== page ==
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When there is too much misery and distress in the world, said the 8th century Buddhist master Padmasambhav, you can find refuge in beyuls -- mystical sanctuaries hidden deep in the snow-tipped Himalayas.These are sacred valleys, Paradise-like places – and Bhutan is supposed to have many of them.This was the early 2000s, when Bhutan was still relatively disconnected from the outside world.The country opened its doors to visitors only in 1974; by the end of the Nineties, the number of tourists was just a little over 7,000.Though she had studied journalism, Serena took up a job in PR (the money was better), and eventually found herself running a home furnishings export business.Till she went to Bhutan on a trekking holiday in 2002 with 16 other Indians and 40 horses. The immediate trigger was that she had just bought a Hasselblad medium format camera and wanted to try it out.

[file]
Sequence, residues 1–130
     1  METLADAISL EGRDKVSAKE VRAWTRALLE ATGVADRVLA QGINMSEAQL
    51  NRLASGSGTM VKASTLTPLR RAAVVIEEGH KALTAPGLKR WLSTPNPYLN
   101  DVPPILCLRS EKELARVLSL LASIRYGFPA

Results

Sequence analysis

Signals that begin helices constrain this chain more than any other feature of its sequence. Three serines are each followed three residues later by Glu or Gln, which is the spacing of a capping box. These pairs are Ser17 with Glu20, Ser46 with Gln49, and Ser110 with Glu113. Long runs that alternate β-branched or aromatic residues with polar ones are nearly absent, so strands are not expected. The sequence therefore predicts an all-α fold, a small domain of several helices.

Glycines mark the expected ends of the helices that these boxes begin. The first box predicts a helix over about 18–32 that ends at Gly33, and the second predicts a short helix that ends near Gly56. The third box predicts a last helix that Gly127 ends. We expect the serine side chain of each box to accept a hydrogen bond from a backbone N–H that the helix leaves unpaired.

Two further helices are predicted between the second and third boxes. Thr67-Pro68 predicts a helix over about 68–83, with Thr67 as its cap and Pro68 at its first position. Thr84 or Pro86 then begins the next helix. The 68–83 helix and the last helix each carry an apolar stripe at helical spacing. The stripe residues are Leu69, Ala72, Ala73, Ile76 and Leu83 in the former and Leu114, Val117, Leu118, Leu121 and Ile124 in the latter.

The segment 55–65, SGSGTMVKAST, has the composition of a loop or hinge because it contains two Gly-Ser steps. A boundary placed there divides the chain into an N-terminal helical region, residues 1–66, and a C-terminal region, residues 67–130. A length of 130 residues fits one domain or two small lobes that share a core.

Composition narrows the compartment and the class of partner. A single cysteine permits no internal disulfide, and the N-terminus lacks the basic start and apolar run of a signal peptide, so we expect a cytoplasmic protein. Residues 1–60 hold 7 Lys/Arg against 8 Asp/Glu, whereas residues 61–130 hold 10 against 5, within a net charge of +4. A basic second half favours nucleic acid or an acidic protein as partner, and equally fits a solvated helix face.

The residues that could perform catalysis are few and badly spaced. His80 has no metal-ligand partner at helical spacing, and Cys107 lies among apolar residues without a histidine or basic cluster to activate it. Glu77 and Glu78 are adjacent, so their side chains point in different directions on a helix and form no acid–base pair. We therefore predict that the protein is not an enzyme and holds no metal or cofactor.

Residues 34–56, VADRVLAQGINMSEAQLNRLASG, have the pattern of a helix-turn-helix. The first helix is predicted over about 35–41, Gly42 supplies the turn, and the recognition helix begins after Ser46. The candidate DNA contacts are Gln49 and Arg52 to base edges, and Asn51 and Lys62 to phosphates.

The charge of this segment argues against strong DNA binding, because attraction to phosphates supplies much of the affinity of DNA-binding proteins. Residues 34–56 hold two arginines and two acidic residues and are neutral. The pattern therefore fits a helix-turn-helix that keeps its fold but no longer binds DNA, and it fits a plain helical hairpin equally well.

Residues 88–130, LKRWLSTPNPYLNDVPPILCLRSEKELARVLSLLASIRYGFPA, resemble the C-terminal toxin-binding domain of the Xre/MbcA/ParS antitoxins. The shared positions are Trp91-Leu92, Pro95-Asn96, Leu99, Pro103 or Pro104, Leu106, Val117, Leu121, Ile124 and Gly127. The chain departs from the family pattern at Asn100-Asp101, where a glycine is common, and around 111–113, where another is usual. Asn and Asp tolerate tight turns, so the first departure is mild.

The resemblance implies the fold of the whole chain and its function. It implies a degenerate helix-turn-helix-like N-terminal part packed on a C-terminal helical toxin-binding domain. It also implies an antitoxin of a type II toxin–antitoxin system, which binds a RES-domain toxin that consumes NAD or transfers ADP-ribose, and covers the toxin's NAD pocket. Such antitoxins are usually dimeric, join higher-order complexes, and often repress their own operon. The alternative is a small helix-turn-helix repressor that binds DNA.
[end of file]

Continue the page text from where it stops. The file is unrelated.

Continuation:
“There is a beautiful legend behind the dance,” says Serena. I was honestly just rejuvenating myself.” But she finally did bring out a lush, heavy 360-page coffee table book called The Ancients in 2015.The Kingdom of Bhutan is a small Himalayan country east of Nepal, nestled between China and India, with an estimated population of 700,000.Last month, Bhutan celebrated the wedding of monarch Jigme Khesar Namgyel Wangchuck, the fifth Druk Gyalpo ("Dragon King"), to 21-year-old commoner Jetsun Pema, now Druk Gyal-tsuen ("Dragon Queen") of Bhutan.“When you do a body of work, you don’t tuck it away, you show it again,” says Serena.“You can look back historically at something.”Those years of intense travel led to a deep relationship with Bhutan; from an observer, Serena became a participant.
Most guides steer visitors away from any discussion of ‘Western influence’ that might complicate the tourism board’s official narrative of Bhutan’s Shangri-La status.